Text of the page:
Diary of a Grid Defector: Community solar, keeping warm and policy talk at the local bar

The following is the sixth installment in an ongoing Utility Dive series, "Diary of a Grid Defector." Each month, Utility Dive's Robert Walton will report on his adventures setting up an off-grid cabin and exploring developments in distributed energy in upstate New York. We hope his experiences will give our readers an insightful, first-hand look at what life is like at the edge of the electricity system—and how the revolution in distributed energy technologies is changing it. The first five installments can be found here.

It's been a mild winter across much of the country so far, and for that I am grateful. Heating with a wood stove is apparently an art form, and one with a steep learning curve.

People kept asking if I was ready, and I kept saying “yes,” albeit with a nagging and ominous worry, like maybe they were trying to warn me without saying something directly. I dutifully cut and stacked wood, and finally the first cold snap came along.

Making the cabin 87 degrees, or keep it quite brisk, is easy. But maintaining a comfortable temperature somewhere in the mid-70s has taken work.

And that's why I was sitting in the bar that day, doing my best to support the local brewing industry. It wasn't too cold in the cabin, but too warm. And midway into my second beer, I noticed the guys next to me were talking about the federal omnibus spending package and tax extenders.

Back in D.C. that might have been standard brunch talk, but in rural New York it definitely stood out. They talked of job security and growth, tax credits and green energy. The pair turned out to be employees of Renovus Solar, a homegrown success story around the Ithaca area. You see the name everywhere, and it seems all discussions of local energy include a mention followed by a knowing nod.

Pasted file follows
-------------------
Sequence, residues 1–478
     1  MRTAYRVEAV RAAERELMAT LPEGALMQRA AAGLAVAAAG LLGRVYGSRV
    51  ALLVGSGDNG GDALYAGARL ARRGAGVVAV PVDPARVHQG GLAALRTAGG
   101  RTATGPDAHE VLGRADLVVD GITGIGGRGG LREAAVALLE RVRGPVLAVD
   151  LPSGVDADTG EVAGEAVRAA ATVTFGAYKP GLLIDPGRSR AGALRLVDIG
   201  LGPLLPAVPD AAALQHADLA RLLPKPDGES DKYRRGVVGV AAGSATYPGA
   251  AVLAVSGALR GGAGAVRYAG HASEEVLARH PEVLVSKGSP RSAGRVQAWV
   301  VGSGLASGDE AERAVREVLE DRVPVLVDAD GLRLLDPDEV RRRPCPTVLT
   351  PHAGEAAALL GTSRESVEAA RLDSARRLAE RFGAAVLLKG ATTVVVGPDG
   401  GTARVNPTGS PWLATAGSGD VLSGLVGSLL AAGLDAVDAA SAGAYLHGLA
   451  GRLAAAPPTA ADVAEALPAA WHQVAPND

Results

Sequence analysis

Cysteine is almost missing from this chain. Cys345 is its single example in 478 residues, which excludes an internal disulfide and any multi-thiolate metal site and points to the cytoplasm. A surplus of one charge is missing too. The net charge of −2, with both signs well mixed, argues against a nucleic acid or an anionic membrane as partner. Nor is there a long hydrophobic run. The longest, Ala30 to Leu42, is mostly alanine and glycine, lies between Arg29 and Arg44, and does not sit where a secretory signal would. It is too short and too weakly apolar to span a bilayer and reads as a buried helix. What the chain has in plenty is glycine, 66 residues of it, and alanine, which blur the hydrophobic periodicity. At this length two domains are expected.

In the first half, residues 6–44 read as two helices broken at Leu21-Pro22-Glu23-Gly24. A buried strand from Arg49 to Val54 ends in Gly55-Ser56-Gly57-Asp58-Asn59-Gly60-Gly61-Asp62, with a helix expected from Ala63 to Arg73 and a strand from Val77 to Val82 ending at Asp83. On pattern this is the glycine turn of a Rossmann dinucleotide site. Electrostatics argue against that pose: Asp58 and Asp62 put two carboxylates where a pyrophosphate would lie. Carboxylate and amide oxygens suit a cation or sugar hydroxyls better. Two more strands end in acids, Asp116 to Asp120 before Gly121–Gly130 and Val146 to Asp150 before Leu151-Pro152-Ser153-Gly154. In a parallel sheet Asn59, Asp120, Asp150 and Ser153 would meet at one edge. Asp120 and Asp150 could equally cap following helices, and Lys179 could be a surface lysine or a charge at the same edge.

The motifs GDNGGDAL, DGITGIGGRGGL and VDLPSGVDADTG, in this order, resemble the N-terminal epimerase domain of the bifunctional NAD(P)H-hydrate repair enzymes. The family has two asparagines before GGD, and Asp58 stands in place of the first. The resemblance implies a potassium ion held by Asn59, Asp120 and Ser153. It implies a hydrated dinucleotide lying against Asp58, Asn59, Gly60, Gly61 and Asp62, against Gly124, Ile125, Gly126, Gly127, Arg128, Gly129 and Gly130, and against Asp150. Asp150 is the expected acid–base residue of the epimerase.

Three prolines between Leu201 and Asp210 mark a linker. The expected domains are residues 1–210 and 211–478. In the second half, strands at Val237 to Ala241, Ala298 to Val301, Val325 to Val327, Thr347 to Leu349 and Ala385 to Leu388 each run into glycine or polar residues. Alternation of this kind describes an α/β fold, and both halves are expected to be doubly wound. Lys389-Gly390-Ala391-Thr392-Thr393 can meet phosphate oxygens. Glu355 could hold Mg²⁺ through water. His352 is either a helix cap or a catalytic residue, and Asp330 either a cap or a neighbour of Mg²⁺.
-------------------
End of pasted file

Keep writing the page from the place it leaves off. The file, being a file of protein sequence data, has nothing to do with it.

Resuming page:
You don't often hear guys in bars talking about how much they love their jobs, so after listening to the electrician and installer wax poetic about Renovus, I set up a time to tour their facility and talk about the company's growth. 

“We embody the thing everyone wants renewables to be,” Jon McNamara, general manager of Renovus, told me later. “They want to tell the jobs story. We get a lot of community support because people want us to succeed. We've got a lot of cheerleaders behind us.”

The company has gone from eight employees in 2012, to 80 this year. And while Renovus had a plan for maintaining its workforce if solar tax credits were not a part of the final spending bill, the company is now looking to grow even more.

“If we don't grow 300% this year, I'd be surprised,” said McNamara.

'Game on' for expansion

Renovus' growth is impressive for any company, but even more impressive when you think about the region's solar potential. According to the Department of Energy's solar potential map, the Ithaca area can produce about 380 watt hours per square foot each day – compared about 600 Wh in the highest-potential areas of the country. The Finger Lakes region of New York has solar potential more akin to Seattle or Portland, areas not known for blazing sun.

McNamara said it was “solarize” programs — community outreach efforts to demystify the panel installement process – which came helped generate significant interest, pushed along by the region's overall progressive leanings.  

Every town is doing a program, and it brought tons of interest,” McNamara said. “We were installing a couple of projects a week, and it warranted a massive scaleup.”

And with the tax credit now extended and stable – it will transition from 30% to 10% over several years – the company is looking to begin a new round of growth.

“We're entering this phase of mass adoption,” he said. “The economics of solar are compelling without the tax credit, but with it they are a no-brainer.”